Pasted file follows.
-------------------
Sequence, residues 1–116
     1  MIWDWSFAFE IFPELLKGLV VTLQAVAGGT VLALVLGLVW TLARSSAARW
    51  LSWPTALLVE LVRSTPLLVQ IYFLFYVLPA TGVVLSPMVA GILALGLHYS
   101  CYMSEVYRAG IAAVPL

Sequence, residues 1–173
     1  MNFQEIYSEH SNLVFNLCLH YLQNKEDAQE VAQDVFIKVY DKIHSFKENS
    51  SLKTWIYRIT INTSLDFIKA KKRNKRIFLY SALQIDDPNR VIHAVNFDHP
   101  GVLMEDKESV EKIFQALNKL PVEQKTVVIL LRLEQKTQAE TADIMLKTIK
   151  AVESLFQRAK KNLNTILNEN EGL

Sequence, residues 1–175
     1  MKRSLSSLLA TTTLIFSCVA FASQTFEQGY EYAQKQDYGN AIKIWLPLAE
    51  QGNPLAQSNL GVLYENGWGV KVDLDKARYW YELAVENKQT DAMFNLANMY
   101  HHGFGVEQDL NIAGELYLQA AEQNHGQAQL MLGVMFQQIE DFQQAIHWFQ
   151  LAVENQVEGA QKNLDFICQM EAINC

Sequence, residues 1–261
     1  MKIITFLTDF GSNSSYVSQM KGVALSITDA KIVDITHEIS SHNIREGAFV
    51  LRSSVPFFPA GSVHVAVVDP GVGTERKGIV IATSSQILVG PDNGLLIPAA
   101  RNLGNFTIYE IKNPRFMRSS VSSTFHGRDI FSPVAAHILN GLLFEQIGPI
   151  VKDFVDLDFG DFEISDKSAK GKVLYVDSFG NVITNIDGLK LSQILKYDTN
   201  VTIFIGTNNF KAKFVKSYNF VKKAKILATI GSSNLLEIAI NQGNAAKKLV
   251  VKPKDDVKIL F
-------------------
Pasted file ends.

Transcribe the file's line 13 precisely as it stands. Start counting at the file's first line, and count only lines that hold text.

   101  HHGFGVEQDL NIAGELYLQA AEQNHGQAQL MLGVMFQQIE DFQQAIHWFQ